My Webster’s Dictionary uses the following adjectives (among others) to characterize the essence of “obscenity”: foul, filthy, repulsive and disgusting. As a philosopher, I have to ask, “offensive/repulsive/disgusting to whom? Walt Kelly – creator of the Pogo comic strip – wrote, “One man’s obscenity might be another man’s lunch.”
What is obscene to you depends on your values, and perhaps the cultural norms you were raised under. It depends on what offends you as an individual or, some would say, what excites you in a way that makes you feel guilty. It’s been said that obscenity is whatever gives the judge an erection. Traditionally in our culture, obscenity refers to depictions (or descriptions) of sexual acts, but not to violent acts such as beatings, torture, murder, or explosions. This is due to the sexual repression that is deeply-rooted in our society, as exemplified by our collective fetish with women’s breasts – as long as the nipples are covered. It isn’t like that in Europe. “Reality TV” shows that feature naked people with their “naughty bits” digitally blurred are especially obscene, to me.
Some Americans consider full frontal nudity (aside, perhaps, from the fine arts) to be obscene in itself, and many more consider any explicit depiction of sexual activity to be obscene, or pornographic. This is often rooted in repressive religious traditions that venerate birth, but characterize sexual pleasure as inherently sinful. And the aftermath of female ovulation, to which we all owe our lives, is regarded as “unclean” and/or shameful in many cultures. Clearly, things that are regarded as obscene are things that elicit visceral responses, whether lust or disgust.
When I was a young man, I introduced my parents to the concept of “obscene wealth.” It had never occurred to them that being extremely wealthy, while those around you are starving, could be regarded as an obscenity; but they eventually understood my reasoning. They had a harder time grasping the notion that violence, not sex, should be regarded as obscene. No consensual sexual act is obscene in the way rape and sexual molestation (a subset of rape, not a different thing) are obscene.
The concept of a “right to privacy” is a fairly recent social innovation. For most of human history, privacy only existed for the privileged few. Most people who have ever lived grew up witnessing sexual acts as a part of daily life. The concept of sexual acts as intrinsically obscene is a culture-bound convention, rooted in patriarchal religious dogma.
Although I honor the soldier’s profession and served in the Army, I consider war to be an obscenity. I consider torture, rape and sexual exploitation obscene. I consider slavery, extreme economic exploitation, race hatred, human trafficking and ethnic cleansing obscene. And I consider some pornography to be obscene, if it normalizes sexual exploitation or degradation. Depictions of sexual and/or violent activity may arouse or disgust us. We don’t have to apologize to anyone for our reflexive visceral responses, only for bad behavior. (As a therapist, I encountered quite a few people who felt frightened or guilty about having felt aroused by something unexpectedly, or by something their religion told them it was sinful to be aroused by.) It’s been said that ugliness is as compelling as beauty; and ugliness, like beauty, is in the eye of the beholder.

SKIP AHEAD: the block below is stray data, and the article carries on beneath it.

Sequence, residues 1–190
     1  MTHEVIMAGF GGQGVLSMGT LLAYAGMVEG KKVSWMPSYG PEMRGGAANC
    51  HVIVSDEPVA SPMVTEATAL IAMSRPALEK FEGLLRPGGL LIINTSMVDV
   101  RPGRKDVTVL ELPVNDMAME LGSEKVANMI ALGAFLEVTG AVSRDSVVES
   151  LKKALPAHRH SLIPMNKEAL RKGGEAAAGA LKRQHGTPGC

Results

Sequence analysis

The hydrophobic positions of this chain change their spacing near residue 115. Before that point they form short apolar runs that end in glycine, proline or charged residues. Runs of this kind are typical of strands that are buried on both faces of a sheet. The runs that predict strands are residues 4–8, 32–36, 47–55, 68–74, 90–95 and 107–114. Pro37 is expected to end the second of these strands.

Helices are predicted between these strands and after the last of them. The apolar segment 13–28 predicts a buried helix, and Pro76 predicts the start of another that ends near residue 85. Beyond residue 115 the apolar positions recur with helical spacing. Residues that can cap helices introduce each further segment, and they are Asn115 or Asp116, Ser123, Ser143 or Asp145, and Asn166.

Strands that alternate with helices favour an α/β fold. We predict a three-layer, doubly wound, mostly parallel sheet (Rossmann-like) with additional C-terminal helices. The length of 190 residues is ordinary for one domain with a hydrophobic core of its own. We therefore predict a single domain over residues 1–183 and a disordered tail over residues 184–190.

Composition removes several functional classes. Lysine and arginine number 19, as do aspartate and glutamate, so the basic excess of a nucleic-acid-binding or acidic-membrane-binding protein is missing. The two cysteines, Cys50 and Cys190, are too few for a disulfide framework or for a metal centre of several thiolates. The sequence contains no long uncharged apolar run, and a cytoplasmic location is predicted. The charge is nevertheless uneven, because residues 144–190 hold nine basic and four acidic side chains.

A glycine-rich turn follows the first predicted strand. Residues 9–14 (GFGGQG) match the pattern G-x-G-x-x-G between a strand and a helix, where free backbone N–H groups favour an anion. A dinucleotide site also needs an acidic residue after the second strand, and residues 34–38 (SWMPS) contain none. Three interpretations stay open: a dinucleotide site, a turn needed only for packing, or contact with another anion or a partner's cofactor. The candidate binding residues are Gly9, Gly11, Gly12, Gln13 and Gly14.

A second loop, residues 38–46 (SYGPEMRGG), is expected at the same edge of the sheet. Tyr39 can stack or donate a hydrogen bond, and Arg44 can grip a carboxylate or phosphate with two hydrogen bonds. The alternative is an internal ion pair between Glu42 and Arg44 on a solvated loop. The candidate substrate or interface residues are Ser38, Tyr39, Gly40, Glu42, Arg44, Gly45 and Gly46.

It was Lenny Bruce who educated me about obscenity. He took standup comedy in new directions, exposing sexual hypocrisy in ways that no other comedian had ever done. He once tried to explain his act to his trial judge, who then found him guilty of the crime of obscenity. When I was home, on furlough from the military academy I attended, my mother and I would have late night discussions on a variety of topics – even sex. (Mom was always more comfortable than Dad, talking to her kids about sex.) During one discussion, I made an observation about our society’s sexual repression. Mom said that she thought our society was obsessed with sex, to which I replied that obsession and repression are opposite sides of the same coin. We’re obsessed with breasts, but a woman can be arrested for “indecent exposure” if she exposes her nipples in public.
Then I made the point that there’s no “respectable” action verb in English for the sex act. We use circumlocutions such as “have sexual intercourse with.” She got my point, and we both knew we were talking around “the f-word.” I had recently read The Essential Lenny Bruce, and I talked about how he’d gotten arrested for using the word “fuck” onstage. Having just made the point that there’s no acceptable word for the sex act, I thought I could actually use the word, in this context. I was wrong. Mom was shocked. End of conversation.
Although my father could be quite profane, he never cursed in front of Mom, and profanity was forbidden in the house. The next morning, I got a stern lecture from Dad, and he made it perfectly clear that I was never to use the f-word in front of my mother again. And I never did.
Flash forward twenty years. The whole family were avid SCRABBLE players, and after we three siblings were on our own, Mom and Dad played even more frequently. Dad joked that SCRABBLE had replaced sex in their marriage. “We do it every Wednesday, and sometimes twice on Saturday!” On one visit to their home, I was sitting at the table with both of them, and Dad asked me if I remembered the night I’d said the f-word in front of Mom. I told him that I did, and assured him that I’d never done it again. He grinned and said, “She used “fuck” playing SCRABBLE recently.” Mom looked sheepish and said, “It was the only way I could get my “k” on a double-letter score!”
Motivation affects perception, and obscenity is in the eye of the beholder.